With technology and growth stocks struggling in the early part of 2022, investors are being treated to a case study in the advantages of equal-weight exchange traded funds.

As was widely documented, widely followed domestic equity benchmarks, such as the Russell 1000 Index and the S&P 500, entered 2022 more concentrated than they have been in years, meaning that a small number of stocks represents an outsized portion of those indexes.

These days, the stocks with the largest allocations in cap-weighted domestic equity indexes are primarily growth names, some of which are struggling this month. Investors can turn to equal-weight ETFs to avoid those issues.

Consider the Invesco Russell 1000 Equal Weight ETF (NYSEArca: EQAL). EQUAL tracks the Russell 1000 Equal Weight Index, which is the equal-weight counterpart to the cap-weighted Russell 1000. Obviously, it’s still early in 2022, but EQAL is so far offering modest out-performance over cap-weighted Russell 1000 ETFs.

History, including the bursting of the tech bubble in 2000, is a reminder of the potential advantages of equal-weight strategies, including EQAL.

“For example, the internet bubble of 1999-2000 was followed by a severe bear market. During this period, stocks from the technology sector gained particular prominence,” according to FTSE Russell research. “In its simplest form, equal weighting–an approach in which index constituents are given the same weight, rather than being determined by market values–is a way of addressing concerns about capitalization-weighted indexes’ potential security concentration risks in its largest companies.”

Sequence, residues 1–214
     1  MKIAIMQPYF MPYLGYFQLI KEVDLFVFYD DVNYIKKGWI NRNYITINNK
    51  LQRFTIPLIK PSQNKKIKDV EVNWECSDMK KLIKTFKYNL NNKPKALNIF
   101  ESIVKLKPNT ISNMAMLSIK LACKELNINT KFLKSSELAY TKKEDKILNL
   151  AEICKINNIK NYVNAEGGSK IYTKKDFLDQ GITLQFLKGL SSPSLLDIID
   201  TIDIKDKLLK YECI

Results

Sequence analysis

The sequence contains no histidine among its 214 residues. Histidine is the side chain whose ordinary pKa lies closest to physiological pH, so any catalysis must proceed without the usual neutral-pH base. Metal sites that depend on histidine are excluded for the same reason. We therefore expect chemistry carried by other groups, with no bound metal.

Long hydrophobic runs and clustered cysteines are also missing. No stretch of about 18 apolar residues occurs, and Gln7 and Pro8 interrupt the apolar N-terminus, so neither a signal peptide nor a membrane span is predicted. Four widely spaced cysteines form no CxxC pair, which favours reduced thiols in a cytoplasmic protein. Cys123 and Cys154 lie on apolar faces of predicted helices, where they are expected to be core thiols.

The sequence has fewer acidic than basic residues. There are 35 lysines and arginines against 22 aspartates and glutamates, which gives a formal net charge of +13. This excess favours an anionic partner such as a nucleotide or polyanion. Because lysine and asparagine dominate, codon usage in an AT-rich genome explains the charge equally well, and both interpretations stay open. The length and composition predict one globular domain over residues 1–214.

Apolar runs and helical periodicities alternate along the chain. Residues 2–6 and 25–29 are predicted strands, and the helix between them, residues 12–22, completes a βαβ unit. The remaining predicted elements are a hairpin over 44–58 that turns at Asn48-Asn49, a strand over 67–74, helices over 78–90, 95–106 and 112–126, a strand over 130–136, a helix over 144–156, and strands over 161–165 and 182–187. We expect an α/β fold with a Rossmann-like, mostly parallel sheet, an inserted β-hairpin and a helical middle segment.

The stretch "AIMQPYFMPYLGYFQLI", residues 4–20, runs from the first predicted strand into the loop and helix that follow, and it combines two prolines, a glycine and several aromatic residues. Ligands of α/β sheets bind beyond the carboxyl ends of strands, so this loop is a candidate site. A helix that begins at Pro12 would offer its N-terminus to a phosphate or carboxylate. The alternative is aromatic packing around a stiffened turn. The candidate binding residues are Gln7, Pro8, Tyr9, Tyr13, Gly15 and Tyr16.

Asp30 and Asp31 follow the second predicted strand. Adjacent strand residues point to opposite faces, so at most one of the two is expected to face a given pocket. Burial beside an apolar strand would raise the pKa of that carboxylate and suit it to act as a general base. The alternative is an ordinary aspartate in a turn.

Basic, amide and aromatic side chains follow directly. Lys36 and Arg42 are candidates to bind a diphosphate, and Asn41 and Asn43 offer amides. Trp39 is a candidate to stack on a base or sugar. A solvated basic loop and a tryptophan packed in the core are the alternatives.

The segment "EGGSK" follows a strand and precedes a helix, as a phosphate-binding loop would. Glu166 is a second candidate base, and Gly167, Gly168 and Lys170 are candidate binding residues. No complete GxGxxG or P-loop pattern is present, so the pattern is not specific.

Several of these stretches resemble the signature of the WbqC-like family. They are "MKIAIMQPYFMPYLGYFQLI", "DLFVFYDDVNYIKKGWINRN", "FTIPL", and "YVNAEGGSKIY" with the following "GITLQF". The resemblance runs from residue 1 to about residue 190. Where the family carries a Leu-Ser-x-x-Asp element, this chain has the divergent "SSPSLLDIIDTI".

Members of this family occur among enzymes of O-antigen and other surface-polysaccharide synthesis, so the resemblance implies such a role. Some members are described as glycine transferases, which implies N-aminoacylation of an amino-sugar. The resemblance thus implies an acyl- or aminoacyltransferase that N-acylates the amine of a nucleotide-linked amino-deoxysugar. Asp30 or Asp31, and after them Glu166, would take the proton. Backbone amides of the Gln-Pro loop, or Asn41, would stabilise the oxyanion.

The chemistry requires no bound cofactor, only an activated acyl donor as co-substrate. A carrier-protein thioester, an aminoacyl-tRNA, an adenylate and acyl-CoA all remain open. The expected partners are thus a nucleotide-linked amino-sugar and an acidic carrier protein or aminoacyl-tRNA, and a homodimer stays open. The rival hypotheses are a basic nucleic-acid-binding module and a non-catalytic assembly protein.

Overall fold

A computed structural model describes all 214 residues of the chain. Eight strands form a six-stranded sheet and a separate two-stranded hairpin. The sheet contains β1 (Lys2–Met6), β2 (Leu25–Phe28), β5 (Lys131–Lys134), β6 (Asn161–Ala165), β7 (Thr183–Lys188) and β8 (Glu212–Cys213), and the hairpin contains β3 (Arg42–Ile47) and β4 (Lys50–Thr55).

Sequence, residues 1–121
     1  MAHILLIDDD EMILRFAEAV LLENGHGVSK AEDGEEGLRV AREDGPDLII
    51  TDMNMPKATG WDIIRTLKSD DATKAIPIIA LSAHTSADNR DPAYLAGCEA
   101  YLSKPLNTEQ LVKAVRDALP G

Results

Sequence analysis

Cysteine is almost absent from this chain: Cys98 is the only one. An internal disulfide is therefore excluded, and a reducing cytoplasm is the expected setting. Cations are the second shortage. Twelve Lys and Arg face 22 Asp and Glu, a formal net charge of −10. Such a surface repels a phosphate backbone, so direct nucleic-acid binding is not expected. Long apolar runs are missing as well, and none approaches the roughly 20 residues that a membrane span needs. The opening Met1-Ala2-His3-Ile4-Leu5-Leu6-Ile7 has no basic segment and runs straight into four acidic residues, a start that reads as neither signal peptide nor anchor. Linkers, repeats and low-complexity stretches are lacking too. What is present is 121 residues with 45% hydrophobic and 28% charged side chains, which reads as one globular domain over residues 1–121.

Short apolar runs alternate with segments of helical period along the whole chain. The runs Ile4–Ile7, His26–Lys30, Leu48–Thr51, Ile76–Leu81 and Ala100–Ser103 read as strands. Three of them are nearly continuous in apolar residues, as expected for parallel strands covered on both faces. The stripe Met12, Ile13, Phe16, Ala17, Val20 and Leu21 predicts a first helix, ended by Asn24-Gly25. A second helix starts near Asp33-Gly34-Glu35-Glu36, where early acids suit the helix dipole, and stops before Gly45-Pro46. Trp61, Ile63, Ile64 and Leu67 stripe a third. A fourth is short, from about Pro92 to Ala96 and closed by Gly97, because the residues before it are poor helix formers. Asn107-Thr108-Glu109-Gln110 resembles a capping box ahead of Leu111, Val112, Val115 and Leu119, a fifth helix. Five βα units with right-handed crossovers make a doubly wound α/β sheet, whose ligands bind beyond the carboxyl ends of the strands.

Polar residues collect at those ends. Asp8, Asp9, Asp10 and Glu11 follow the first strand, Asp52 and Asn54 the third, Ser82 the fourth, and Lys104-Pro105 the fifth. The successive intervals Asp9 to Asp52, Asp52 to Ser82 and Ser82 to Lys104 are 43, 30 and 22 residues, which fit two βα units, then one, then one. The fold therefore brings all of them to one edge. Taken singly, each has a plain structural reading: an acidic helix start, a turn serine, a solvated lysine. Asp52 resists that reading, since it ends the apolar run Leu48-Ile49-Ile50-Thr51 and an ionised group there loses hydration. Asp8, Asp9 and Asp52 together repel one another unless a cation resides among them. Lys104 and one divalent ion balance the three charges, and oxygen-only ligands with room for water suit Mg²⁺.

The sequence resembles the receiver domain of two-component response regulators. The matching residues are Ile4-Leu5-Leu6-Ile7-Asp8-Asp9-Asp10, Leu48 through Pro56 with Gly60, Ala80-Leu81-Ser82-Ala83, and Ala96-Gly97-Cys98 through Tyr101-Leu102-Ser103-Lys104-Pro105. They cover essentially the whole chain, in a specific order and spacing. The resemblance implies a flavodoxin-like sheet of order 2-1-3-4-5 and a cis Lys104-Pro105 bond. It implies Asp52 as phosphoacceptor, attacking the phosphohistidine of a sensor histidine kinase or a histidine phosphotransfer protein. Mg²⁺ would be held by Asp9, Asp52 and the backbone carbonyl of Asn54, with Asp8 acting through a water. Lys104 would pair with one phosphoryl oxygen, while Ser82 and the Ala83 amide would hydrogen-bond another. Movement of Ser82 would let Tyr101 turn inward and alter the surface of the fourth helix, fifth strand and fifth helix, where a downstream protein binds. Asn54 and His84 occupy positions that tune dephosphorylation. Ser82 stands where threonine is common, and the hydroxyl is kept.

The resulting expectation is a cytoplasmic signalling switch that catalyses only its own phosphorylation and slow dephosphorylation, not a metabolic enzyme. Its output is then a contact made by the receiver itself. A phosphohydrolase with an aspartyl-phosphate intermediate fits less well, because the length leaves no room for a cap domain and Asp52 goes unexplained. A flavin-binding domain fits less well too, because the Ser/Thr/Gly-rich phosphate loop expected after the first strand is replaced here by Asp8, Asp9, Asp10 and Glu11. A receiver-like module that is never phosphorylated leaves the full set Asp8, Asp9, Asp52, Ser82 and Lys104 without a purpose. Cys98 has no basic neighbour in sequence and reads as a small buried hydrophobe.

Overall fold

Historical research indicates the efficacy of equal-weighting stocks at times when a small number are commanding significant percentages of widely followed benchmarks, as is the case today.

“An equal weight approach can be particularly useful in the large-cap size segment (the Russell 1000® Index), where a few companies, such as Apple, may tend to dominate a capitalization-weighted index’s performance simply because of their size,” adds FTSE Russell. “While these outsized weights may benefit the index when large-cap stocks outperform, they can also hurt index performance when the reverse is true.”

EQAL is worth a look for another reason. Market observers are growing bullish on the prospects of value stocks beating growth rivals this year. The Invesco ETF allocates more than 41% of its weight to value stocks, compared to a growth weight of about 17%. In fact, value is showing signs of life of late.

“Value stocks are more sensitive to the strength of demand in the economy than growth shares, so they surged as the economy rapidly bounced back in response to Washington’s trillions of dollar in fiscal and monetary stimulus and the lifting of stay-at-home orders. Gains in growth stocks, which fell less as the economy stalled out in the spring of 2020, have been smaller,” reports Jacob Sonenshine for Barron’s.

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The opinions and forecasts expressed herein are solely those of Tom Lydon, and may not actually come to pass. Information on this site should not be used or construed as an offer to sell, a solicitation of an offer to buy, or a recommendation for any product.